America’s Failure to Fight Child Sex Trafficking

By Ambassador Callista L. Gingrich

On November 29, the trial of Ghislaine Maxwell began. The British socialite and close companion of the sex offender Jeffrey Epstein is facing six charges related to her involvement in the grooming, sexual abuse, and sex trafficking of young girls. 

According to the New York Times, Maxwell is charged with one count of enticement of a minor to travel to engage in illegal sex acts, one count of transportation of a minor with intent to engage in illegal sex acts, one count of sex trafficking of a minor, and three counts of conspiracy.

In the first week of the trial, survivors of Epstein and Maxwell’s abuse finally had the opportunity to share their heartbreaking stories in hopes of justice being served.  Jane, who met Epstein and Maxwell at a camp when she was 14 and endured years of abuse, testified that she took the stand “to hopefully finally find some sort of closure to all of this.” She said she wants “to hopefully find some peace and healing someday.”

The testimonies from the first week of the Maxwell trial vividly reveal the lasting trauma and hardship experienced by young survivors of sexual exploitation. These horrific truths emphasize the importance and urgency of instituting necessary reforms to protect future victims.

Ten years ago, many states in the U.S. did not have fundamental statutes criminalizing child sex trafficking. Today, all 50 states have child sex trafficking laws in place and most states have at least one statute criminalizing the commercial sexual exploitation of children.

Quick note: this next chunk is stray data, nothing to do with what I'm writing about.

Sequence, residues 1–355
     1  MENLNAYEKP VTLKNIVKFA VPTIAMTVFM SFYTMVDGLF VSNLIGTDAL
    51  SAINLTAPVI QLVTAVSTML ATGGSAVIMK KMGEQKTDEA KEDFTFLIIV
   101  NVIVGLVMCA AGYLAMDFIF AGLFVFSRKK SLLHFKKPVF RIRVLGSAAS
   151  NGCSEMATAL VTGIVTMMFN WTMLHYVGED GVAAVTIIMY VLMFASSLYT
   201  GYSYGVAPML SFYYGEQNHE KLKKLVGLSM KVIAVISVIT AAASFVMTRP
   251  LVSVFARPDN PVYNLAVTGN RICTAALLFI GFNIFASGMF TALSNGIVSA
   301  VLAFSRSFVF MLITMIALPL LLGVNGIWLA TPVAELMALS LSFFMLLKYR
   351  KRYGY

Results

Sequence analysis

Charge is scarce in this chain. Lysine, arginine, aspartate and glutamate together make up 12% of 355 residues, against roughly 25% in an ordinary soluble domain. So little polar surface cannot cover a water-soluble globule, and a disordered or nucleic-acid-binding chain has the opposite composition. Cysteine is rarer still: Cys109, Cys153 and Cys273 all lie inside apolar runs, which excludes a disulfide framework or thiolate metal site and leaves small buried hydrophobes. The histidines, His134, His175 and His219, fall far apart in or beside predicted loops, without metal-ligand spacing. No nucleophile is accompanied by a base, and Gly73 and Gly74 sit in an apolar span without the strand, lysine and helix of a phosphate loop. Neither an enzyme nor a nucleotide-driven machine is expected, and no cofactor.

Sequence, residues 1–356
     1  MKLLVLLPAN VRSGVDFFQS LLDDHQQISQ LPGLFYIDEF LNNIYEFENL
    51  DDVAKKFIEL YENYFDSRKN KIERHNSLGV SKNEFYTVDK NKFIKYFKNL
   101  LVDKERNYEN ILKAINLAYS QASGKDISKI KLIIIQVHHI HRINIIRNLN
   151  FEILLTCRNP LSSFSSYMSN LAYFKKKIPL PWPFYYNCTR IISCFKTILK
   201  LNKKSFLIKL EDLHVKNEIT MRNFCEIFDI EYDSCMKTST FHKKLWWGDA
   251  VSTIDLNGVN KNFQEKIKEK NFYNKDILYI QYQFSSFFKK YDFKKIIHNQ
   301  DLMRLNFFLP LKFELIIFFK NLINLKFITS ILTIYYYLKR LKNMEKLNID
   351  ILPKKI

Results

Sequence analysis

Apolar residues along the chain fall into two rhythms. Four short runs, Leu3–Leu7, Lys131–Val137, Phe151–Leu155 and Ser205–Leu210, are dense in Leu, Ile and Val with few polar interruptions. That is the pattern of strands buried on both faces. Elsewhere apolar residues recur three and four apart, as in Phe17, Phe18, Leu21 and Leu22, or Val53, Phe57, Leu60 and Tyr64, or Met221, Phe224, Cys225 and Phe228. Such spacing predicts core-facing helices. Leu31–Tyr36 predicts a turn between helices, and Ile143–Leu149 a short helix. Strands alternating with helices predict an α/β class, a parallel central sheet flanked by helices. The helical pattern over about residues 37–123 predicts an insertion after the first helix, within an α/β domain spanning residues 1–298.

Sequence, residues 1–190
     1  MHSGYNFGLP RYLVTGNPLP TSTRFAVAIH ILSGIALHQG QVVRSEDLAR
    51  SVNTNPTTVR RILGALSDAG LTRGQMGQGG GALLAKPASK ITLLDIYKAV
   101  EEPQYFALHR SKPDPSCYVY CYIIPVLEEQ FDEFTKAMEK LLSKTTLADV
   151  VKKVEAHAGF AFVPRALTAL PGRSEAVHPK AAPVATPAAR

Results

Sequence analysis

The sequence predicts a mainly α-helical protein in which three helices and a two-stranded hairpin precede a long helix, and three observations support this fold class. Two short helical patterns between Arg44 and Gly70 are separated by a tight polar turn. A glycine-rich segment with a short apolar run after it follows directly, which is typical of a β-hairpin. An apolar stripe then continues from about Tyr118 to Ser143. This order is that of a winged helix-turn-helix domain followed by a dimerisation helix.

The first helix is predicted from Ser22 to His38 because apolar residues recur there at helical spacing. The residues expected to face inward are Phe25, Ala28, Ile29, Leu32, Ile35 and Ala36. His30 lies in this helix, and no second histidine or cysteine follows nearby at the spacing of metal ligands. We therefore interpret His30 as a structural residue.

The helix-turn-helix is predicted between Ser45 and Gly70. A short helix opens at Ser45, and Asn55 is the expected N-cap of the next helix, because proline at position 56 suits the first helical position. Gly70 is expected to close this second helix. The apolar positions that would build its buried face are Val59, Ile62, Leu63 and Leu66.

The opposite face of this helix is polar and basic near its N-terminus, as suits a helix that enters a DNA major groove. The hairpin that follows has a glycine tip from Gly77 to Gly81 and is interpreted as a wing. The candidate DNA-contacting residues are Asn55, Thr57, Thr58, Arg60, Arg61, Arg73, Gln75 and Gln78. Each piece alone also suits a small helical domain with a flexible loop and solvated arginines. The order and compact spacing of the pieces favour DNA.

But this is the bare minimum.

A 2021 report by the nonprofit Shared Hope International released a report card grading all 50 states plus Washington D.C. on their responses to child and youth sex trafficking.  States were graded on six issue areas including criminal provisions, identification of and response to victims, continuum of care, access to justice for trafficking survivors, tools for a victim-centered criminal justice response, and prevention and training.

Using a point system, the report gave 40 states failing grades, 10 states “Ds,” and one “C” to Florida.

Shared Hope International put forth 40 policy goals specifying actions that should be taken to protect and provide resources for victims while holding offenders accountable.  Critically, the report identified that America is lacking in providing adequate protection for victims as part of our response to the scourge of child sex trafficking.

According to the report, “Comprehensive and accessible victim protections are, undoubtedly, the most crucial components of a strong response to child sex trafficking and, yet, as a nation we continue to fall behind.”

A victim-centered approach is one that is championed by law enforcement officials as well as both the Trump and Biden administrations. When I served as U.S. Ambassador to the Holy See, our embassy worked closely with Church-affiliated organizations and the diplomatic community to promote this approach.  Prioritizing the safety and support of the victim is known to make a significant impact on criminal prosecution and survivor recovery.

Despite this widely accepted approach, Shared Hope International’s report reveals that much more needs to be done if we are to successfully place the brave survivors of child and youth trafficking at the core of our nation’s response to this horrific evil.

The courageous survivors involved in the Maxwell trial have waited more than 15 years for healing and closure from the suffering they endured as minors. America must hold child sex trafficking offenders accountable and provide the needed support for victims to leave their past behind and move forward with their lives.